ALBUM REVIEW: Logic – Confessions of a Dangerous Mind

By Jarrad Levy

In his sixth studio album, Logic delivers the most controversial and surface level release of his ten year career.

I don’t really know where to start with Confessions of a Dangerous Mind. I like it. I want to love it, but I just don’t. In full disclosure, Logic is one of my favorite artists for a variety of reasons. I think he has a very listenable and enjoyable voice and flow in addition to his premier production and backing music, created by his partner 6ix (pronounced “Six”). Another major reason why I love Logic is because of how much he stands out from the hip-hop landscape. Rarely is he discussing drugs or partying, but instead brings his listeners’ attention towards more personal and important topics such as abuse, addiction, and racism. However, on his latest album, Logic seems to have forgotten who he is. Gone are the deep topics and stories about his childhood, and instead the album is largely dominated by songs where Logic seems more caught up with his success and comparing himself to other popular artists like Childish Gambino, Kendrick Lamar, and Kanye West.

This is not to say that the album sounds bad. I quite enjoy the majority of songs on the album. “Homicide” featuring Eminem may be one of Logic’s most impressive songs to date, where he takes on the “Rap God” and holds his own. “Wannabe” is a dark interlude to the album that discusses the toxicity of social media and fame. Furthermore, “Mama/Show Love,” “Limitless,” and “Lost in Translation” are all great songs that can stand in solidarity among Logic’s best.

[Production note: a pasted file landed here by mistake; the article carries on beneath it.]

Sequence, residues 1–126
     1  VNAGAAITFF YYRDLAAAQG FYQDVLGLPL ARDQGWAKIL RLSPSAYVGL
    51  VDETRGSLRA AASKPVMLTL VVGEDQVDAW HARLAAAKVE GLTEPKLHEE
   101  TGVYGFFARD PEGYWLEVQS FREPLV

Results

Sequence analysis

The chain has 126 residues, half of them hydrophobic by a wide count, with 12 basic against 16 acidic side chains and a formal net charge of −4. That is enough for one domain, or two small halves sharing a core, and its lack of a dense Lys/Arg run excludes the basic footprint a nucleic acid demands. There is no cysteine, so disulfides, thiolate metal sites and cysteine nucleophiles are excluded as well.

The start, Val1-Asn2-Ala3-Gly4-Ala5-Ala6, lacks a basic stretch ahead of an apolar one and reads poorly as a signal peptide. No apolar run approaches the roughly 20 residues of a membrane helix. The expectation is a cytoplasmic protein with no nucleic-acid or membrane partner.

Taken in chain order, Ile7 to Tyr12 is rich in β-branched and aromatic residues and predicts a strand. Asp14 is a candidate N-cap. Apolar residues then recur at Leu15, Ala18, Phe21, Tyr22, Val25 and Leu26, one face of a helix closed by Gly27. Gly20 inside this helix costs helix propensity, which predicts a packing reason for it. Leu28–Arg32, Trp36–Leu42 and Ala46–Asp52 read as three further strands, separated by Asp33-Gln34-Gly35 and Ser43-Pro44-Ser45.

Sadly, there is more to complain about in this album than to praise. While the aforementioned songs are enjoyable and have substance, it seems as if the rest of the album are B-sides to Logic’s Bobby Tarantino series of mixtapes that are made to be more fun and less serious than his studio albums. “Clickbait” is the definition of the cringe that many of Logic’s naysayers point at when discussing the lack of substance in his music. Here, he means well and is attempting to explain not to believe everything one sees and hears in the media, but instead relegates himself to poor lyrics and a repetitive chorus. “Pardon My Ego” is a Kanye West song, but worse because Logic is not Kanye West. I am never a fan of an artist replicating another’s style, especially when that style is unique to the original artist. The final song on the album that is worth warning listeners about is “Don’t Be Afraid to Be Different,” where Logic seems to explain his whole thought process in writing this album, “I don’t give a damn about lyrics.” For such a talented lyricist, this is the most depressing thing possible to hear him say on the project. Ultimately, Logic has fallen into the trap of releasing the very party rap he meant to speak out against.

Confessions of a Dangerous Mind seems to demonstrate that quality is truly more important than quantity. This is Logic’s fourth album in just over a year, and I would only truly recommend checking out two of them.

I really hate to say it, but overall, this album is not worth listening to unless you are a Logic fan. Otherwise, it may be best to just check out the highlights of the album like the titular “Confessions of a Dangerous Mind,” “Homicide,” “Mama/Show Love,” and “Lost in Translation.”